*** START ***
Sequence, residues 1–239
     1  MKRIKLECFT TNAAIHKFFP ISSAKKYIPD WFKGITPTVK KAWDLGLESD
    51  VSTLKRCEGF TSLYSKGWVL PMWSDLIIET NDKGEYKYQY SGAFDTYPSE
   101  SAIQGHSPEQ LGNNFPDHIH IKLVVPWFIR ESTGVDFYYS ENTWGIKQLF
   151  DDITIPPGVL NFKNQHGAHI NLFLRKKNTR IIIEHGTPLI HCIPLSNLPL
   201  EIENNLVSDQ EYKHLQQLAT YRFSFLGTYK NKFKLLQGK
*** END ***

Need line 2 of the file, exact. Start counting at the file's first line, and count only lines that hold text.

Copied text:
     1  MKRIKLECFT TNAAIHKFFP ISSAKKYIPD WFKGITPTVK KAWDLGLESD